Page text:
Why do some people live to 100+? Is it down to lifestyle choices, to our genes or to something else? 

More and more people are living to 100. This includes 13,780 in the UK in 2013, rising to 14,570 in 2015. 

And one in three British babies born today is now expected to live to 100.

Is it all in our genes?

Studies have shown that exceptional longevity (reaching 100+) is linked to a certain gene, apolipoprotein E (ApoE). This is a protein that transports fats, such as cholesterol and triglycerides, around our body. 

Our bodies need both cholesterol and trigylcerides to function normally but too much of either increases the risk of heart attack and stroke.

No one has the same ApoE code. You inherit different ones from each of your parents. However, research suggests that certain combinations in our genetic makeups contribute to exceptional longevity.

And in particular genes related to our cardiovascular system have been implicated in exceptional longevity 

Large scale research in the US concludes, ‘Genes play a critical and complex role in facilitating exceptional longevity. The genetic influence becomes greater and greater with older and older ages, especially beyond 103 years of age.’

A study of the genetic determinants of extreme human longevity published in 2017 identified new rare variants in chromosomes 4 and 7. These were associated with extreme longevity and with reduced risk for cardiovascular disease and Alzheimer's disease.

These results confirm that the combinations of common genes and rare variants are associated with extreme longevity and a longer health span.

Does epigenetics play a role? 

Our genes can sometimes be switched on, switched off or modified by epigenetic factors, such as changes in our diet, environment, ect.

Maternal diet, early nutrition, and gut microbiota during the pregnancy may influence how long we live in good health, even if it may not be enough to help us live to 100. Research has shown that the epigenetics influence and involved in the process long and healthy life. 

Does gender matter?

Recent research shows that the gap between men and women’s longevity is beginning to decline due to improvements in mortality for men, now fewer than 5 women for every man reaches 100, down from 8 women to 1 man in 2002– updated statistics from Office of National Statistics.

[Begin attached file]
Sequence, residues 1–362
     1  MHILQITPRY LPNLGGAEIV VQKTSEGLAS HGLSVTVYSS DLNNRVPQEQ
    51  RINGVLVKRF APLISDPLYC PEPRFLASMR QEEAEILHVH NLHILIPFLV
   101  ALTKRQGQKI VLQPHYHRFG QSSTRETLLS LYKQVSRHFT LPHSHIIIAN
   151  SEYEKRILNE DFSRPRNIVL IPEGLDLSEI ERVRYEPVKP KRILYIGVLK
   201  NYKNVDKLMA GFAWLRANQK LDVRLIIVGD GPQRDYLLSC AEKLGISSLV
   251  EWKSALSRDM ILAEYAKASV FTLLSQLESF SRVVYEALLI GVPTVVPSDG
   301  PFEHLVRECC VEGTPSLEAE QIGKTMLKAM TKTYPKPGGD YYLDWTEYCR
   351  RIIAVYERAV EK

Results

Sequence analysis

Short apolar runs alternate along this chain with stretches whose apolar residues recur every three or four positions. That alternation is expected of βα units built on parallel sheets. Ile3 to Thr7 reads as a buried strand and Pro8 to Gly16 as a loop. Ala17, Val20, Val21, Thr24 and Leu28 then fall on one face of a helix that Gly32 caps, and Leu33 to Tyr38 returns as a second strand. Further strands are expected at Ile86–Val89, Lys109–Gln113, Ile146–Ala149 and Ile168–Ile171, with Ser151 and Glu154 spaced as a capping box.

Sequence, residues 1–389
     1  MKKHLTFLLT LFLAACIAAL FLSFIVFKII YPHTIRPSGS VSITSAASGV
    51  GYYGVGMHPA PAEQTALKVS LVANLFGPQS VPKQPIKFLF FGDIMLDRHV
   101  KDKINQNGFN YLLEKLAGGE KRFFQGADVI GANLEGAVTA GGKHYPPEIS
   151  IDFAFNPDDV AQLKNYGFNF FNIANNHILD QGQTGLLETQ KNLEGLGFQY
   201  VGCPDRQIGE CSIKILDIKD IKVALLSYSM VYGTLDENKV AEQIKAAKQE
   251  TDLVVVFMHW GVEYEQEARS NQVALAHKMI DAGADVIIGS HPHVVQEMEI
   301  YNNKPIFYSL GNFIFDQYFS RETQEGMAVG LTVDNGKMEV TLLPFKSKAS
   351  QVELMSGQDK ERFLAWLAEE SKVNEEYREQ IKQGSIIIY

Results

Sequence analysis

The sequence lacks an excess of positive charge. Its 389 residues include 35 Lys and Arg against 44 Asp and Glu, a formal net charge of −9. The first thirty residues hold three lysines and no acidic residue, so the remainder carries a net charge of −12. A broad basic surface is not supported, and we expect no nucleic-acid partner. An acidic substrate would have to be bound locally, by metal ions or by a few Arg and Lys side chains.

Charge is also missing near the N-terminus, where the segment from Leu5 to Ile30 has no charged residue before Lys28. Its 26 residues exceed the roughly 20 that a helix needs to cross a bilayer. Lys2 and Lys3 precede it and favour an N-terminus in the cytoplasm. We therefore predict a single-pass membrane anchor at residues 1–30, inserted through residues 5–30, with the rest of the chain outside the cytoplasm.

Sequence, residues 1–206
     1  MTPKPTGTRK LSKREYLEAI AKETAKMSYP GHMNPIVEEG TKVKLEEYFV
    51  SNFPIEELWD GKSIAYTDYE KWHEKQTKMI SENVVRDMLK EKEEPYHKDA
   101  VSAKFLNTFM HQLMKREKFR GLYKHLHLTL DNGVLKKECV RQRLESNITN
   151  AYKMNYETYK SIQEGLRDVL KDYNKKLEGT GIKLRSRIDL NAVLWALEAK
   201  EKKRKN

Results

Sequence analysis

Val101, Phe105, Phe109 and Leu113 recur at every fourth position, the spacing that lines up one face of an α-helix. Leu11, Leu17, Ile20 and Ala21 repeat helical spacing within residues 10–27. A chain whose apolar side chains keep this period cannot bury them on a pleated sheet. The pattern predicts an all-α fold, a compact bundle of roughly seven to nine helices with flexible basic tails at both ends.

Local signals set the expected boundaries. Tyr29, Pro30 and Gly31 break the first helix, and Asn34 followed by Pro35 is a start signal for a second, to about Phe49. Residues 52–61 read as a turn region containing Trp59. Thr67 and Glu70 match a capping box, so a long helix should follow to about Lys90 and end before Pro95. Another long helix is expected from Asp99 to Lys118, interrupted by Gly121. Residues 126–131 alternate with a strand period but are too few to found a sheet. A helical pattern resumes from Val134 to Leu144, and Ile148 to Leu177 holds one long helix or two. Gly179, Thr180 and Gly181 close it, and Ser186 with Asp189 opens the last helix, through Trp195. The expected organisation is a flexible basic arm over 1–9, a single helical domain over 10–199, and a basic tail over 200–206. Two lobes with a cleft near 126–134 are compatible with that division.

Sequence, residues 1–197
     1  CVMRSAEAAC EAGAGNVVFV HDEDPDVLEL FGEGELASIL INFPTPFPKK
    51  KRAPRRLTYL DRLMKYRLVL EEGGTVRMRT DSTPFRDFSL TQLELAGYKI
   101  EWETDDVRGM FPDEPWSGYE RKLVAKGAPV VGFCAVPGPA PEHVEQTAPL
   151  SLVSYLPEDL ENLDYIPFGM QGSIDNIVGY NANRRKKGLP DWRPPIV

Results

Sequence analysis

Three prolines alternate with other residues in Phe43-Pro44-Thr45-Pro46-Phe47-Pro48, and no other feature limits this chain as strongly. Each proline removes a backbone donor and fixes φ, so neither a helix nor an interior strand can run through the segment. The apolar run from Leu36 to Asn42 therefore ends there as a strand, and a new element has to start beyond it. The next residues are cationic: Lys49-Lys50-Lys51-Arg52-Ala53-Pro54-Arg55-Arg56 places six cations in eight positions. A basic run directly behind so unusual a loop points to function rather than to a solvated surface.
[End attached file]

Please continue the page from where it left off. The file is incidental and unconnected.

Reports have also shown that women who have children naturally later in life are more likely to live to be a centenarian.

It is thought that having a child later in life is a sign that the reproductive system and, therefore, the rest of the body is ageing slowly. 

What about a healthy lifestyle? 

Keeping yourself healthy is always important but centenarians may be more committed to living a healthy lifestyle:

  • In recent times centenarians have even begun to participate in sporting competitions worldwide, becoming icons of healthy ageing and provide evidence that it is never too late to start exercising, as regular exercise may combat the deleterious effects of ageing. 
  • Very few centenarians are obese. In fact, according to a major US study, most men are quite lean and nearly all have never smoked.  
  • A healthy lifestyle (physical activity and not smoking) is one factor that helps maintain good health as we get older. That’s according to an 18 year study of adults age 75+ in Sweden. The study also suggested that participation in at least one leisure activity and a social network also helped.
  • Physical exercise is also a route to mental stimulation and social opportunities. Interviews with Canadian centenarians revealed how important they felt this was for successful ageing. 
  • Research in China suggests that proximity to more green space is associated with increased longevity. This may be because it encourages exercise, is good for mental health and reduces exposure to air pollution.